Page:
Now that we’re in December, I’ve started to reflect on the year. One thing I was thinking about was my favorite music from this year – the tunes I listened to over and over again. I thought it might be fun to do a video on that topic, sharing with you my personal 10 favorite Classical pieces that I discovered (or re-discovered) this year.

Share your favorites in the comments below!

Ravel: Jeux D’eau

This is a tune I fell in love with when creating the Impressionism in Music video. It was one of many pieces I put on a Spotify playlist for the video, and I found myself listening to it constantly.

Jeux D’eau flows like water (the title translates to Water Games), and has this harp-like, ethereal feel to it. It’s a little magical, and sparkles with radiance.

Martha Argerich has a great version on YouTube which I urge you to check out.

Tchaikovsky: The Seasons

I recently picked up Tchaikovsky’s The Seasons for piano, and have become mildly obsessed with the entire collection. I like it all, but October is a lovely place to start. It’s got this dreary, gray autumn day vibe to it. It’s moody and romantic, and accompanied me on many a stroll outside.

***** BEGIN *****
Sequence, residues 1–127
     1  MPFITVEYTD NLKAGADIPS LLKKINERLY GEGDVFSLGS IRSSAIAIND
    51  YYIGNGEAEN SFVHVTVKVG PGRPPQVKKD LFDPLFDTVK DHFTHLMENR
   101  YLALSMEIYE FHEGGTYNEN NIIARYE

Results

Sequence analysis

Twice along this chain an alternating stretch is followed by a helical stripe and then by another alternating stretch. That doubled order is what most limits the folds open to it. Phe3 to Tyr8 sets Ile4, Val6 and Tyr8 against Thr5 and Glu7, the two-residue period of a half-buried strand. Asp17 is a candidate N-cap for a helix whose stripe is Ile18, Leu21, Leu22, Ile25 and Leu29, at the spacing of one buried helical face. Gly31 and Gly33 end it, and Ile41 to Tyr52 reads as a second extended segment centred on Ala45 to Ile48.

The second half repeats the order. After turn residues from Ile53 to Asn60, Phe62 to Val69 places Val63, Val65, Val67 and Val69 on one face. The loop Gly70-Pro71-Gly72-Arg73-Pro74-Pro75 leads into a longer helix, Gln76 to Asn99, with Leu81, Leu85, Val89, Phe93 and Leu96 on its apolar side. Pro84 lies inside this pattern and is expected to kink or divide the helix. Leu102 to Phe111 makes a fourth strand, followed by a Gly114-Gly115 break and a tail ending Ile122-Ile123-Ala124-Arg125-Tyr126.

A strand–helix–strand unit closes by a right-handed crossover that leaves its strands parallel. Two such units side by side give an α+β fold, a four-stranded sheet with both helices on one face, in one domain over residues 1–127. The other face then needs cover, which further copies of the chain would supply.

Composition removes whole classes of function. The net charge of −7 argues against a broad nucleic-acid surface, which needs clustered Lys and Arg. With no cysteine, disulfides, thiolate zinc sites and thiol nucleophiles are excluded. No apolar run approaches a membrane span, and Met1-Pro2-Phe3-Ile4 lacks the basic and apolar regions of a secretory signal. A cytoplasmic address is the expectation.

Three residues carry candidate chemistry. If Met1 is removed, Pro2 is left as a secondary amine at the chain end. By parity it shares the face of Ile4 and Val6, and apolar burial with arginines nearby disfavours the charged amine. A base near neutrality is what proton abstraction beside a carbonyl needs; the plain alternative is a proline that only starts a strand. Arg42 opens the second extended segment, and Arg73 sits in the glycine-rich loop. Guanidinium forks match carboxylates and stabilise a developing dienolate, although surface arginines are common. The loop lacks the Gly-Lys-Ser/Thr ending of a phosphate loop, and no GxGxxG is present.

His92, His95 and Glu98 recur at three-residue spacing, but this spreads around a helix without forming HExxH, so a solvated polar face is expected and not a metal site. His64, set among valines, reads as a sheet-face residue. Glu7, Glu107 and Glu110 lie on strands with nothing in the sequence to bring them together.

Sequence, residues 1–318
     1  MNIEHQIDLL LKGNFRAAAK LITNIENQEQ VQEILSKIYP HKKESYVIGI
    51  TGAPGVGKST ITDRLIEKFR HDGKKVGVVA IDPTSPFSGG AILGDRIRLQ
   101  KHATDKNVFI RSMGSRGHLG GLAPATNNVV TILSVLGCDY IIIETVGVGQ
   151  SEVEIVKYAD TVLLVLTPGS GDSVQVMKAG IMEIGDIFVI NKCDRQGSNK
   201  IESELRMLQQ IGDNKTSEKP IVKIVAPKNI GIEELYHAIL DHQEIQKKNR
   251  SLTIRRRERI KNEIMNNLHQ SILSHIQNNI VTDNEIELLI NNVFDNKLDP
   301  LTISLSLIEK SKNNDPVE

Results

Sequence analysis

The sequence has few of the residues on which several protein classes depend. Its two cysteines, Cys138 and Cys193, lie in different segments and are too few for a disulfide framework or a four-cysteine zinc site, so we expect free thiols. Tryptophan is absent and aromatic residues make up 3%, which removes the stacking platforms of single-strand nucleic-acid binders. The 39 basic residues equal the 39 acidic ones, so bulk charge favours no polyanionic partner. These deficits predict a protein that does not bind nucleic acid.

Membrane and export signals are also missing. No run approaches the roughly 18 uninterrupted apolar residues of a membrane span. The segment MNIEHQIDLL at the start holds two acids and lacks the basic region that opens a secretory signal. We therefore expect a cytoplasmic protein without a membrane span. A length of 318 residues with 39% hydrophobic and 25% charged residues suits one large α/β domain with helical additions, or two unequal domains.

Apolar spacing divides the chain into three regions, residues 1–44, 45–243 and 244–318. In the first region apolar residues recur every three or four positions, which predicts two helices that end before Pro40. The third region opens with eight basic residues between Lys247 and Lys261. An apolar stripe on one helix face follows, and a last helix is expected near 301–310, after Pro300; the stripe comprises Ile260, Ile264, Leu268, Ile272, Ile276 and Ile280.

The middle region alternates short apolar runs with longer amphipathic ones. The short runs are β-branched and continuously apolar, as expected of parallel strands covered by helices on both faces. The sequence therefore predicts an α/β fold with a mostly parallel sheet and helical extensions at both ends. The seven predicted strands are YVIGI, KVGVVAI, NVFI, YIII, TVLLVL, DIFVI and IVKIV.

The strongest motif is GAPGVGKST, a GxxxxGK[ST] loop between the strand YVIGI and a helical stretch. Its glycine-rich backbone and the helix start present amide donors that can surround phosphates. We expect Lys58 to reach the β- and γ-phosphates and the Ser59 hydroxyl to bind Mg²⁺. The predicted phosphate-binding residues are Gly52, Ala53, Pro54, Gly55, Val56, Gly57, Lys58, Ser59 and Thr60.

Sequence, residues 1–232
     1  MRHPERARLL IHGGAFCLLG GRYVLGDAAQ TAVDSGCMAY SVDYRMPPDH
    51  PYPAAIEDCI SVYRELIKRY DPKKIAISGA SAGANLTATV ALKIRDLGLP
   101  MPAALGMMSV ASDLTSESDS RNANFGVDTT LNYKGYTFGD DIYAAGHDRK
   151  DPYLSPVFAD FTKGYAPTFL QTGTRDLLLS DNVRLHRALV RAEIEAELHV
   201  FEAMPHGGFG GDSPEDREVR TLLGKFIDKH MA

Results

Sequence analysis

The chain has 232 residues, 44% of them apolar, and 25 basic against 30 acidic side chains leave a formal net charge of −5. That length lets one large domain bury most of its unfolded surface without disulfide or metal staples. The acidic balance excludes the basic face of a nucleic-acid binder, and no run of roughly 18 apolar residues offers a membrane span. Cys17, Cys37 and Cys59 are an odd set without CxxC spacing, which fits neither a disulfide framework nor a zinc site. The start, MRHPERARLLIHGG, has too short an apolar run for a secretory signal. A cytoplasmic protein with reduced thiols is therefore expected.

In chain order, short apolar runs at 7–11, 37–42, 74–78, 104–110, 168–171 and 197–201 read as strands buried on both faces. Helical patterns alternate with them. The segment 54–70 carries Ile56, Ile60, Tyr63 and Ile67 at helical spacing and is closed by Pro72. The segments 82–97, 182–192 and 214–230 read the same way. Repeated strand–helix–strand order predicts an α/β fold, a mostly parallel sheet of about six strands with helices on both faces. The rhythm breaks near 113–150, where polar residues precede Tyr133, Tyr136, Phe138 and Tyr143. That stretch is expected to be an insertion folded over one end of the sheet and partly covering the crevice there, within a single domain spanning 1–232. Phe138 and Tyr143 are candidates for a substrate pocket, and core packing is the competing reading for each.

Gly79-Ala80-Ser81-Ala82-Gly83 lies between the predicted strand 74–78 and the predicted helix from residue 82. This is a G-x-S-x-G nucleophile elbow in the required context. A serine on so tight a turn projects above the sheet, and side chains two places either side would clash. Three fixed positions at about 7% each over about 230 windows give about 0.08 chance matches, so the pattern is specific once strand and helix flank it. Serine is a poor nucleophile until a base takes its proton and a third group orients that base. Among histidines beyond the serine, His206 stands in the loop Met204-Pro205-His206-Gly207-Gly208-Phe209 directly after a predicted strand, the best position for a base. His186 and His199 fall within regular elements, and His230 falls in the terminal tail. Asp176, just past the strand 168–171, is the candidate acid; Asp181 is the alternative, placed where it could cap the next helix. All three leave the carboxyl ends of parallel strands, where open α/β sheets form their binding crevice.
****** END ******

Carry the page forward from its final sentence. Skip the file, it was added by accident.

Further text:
Video credits:

Performer: Charles Ko

Copyright: Attribution 3.0 Unported

Albeniz: Asturias

Albeniz’s Asturias, from his Suite Espanola op. 47, is such a great tune. In fact, if I’m remembering correctly, it was one of the tunes I featured on “Classical Music for People Who Don’t Like Classical Music”.

My favorite version isn’t actually for piano, which it was originally written for, but the acoustic guitar. It’s got this intense minor-key sound, with these dramatic pops of volume. So fun to listen to, and appealing to all kinds of listeners!

Video credits

Performer: Gordon Rowland

Copyright: Public Domain Mark 1.0

Debussy: La Cathedrale Engloutie

This solo piano piece is one of my favorites from Debussy’s Preludes (which I recently picked up for piano, and hope to get into at some point). I really like ambient, mysterious piano music that is simultaneously relaxing to listen to, but also haunting and a little magical.

We’ve talked about The Sunken Cathedral before on this channel, since it’s a very well-known Debussy piece. Definitely check it out. It starts out dark and mysterious, then opens up in a big way that feels like a glorious sunrise.

Video credits

Performer: European Archive

Copyright: Public Domain Mark 1.0

Liszt: Hungarian Rhapsody no. 2

This isn’t a new discovery for me – more like an old favorite that I dug up and rediscovered. I have a great memory of being on a road trip this summer and blasting this tune at random, because Mike and I were talking about Liszt for some reason. It was just as breathless and exciting as I remembered, and I’ve been enjoying it again ever since.

I highly recommend checking out Valentina Lisitsa’s version on YouTube – it’s so much fun!

Video credits

Performer: Martha Goldstein

Attribution Sharealike 3.0 Unported

Schumann: Piano Concerto no. 2